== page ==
Most of the people in the DRC don't have access to microcredit. That involves a bank, and they mostly haven't been in a position to attract one. To that end, HOLD has initiated a rotating credit program where its graduates can have access to a small pot of money which they share with a small group of other graduates. The group has democratically elected leadership, and all loan terms are negotiated collectively by the group's membership. So, if a group of five women shared a pot of $100, three women might borrow $20 each to grow their businesses and pay back the pot plus interest in six months. Then it's another woman's turn. The system keeps their businesses growing, and establishes a solid business ownership and credit history for them -- which is what a bank or credit institution wants to see before extending microcredit.

When a woman enters this program, she joins a human development club of about ten women who are living in the same neighborhood. They support each other and share circular credit to help start and grow their businesses. Together, they become leaders in their community. These women are sharing what they learned with other women, and they are making quite an impact.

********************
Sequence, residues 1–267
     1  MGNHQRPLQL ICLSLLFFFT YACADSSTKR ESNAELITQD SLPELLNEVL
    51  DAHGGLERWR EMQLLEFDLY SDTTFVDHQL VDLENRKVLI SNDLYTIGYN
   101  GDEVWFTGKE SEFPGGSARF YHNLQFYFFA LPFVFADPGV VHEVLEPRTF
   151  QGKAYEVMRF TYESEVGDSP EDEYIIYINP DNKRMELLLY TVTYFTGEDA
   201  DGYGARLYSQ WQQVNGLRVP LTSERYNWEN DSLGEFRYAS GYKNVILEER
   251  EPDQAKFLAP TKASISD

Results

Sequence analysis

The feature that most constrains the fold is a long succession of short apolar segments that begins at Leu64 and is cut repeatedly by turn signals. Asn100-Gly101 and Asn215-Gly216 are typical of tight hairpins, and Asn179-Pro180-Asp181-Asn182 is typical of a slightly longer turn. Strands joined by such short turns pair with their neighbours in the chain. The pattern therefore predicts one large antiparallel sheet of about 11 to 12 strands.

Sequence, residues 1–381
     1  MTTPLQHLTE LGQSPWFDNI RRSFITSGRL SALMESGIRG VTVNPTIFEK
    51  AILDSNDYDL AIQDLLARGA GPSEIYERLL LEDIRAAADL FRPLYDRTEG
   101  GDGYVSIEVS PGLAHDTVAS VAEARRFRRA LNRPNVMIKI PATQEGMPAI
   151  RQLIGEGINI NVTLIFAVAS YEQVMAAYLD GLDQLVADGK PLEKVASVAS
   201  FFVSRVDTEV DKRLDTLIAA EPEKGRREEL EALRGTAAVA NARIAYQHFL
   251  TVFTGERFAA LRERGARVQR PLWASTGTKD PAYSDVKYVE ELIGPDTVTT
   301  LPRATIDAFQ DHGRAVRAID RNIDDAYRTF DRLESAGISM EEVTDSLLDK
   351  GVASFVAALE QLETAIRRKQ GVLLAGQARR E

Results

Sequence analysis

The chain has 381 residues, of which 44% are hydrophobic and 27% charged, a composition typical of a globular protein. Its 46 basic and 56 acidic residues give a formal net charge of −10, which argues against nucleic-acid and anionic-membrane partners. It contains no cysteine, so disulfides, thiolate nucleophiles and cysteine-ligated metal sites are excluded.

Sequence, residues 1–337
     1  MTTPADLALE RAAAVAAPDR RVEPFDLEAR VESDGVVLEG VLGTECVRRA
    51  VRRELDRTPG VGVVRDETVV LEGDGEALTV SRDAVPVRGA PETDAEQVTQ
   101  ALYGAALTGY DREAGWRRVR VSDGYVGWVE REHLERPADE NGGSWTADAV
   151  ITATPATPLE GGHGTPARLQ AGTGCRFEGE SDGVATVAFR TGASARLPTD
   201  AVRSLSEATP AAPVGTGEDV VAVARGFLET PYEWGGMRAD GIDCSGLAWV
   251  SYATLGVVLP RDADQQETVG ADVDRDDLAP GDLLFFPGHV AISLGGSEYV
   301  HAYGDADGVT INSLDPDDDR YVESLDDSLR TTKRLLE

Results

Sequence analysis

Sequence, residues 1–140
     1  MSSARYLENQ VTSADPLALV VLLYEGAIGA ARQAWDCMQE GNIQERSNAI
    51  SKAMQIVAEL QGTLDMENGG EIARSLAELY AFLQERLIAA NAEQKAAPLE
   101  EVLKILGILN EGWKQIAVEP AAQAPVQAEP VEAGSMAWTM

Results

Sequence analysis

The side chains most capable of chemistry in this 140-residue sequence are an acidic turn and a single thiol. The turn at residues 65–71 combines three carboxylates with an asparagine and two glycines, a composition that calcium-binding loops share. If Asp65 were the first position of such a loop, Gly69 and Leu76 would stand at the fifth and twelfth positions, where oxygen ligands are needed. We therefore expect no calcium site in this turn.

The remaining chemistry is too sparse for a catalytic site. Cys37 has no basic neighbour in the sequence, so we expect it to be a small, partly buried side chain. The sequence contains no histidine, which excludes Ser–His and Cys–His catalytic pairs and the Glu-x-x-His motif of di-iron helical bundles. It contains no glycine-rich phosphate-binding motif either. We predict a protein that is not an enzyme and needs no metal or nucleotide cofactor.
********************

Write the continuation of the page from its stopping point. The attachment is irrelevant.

In the following video, you'll meet a brilliant woman named Modestine Etoy. She is the coordinator of Succeeding Together:

And here a woman tells her story:

In the video above, Natalie says that she doesn't have trouble buying soap anymore. In Congo, this is a euphemism for, "my basic needs are met." If you have food for your children and a roof over your head, you can buy soap.

To date, 238 women have completed the training program -- and on April 14, a class of 83 more will graduate.

Here is the action request:

The women want to extend their leadership by spreading their message that real change is possible in Congo. Unfortunately there isn't a lot of communication in the DRC aside from national radio. Cell phone technology is growing by leaps and bounds, though, and the internet is becoming more and more common.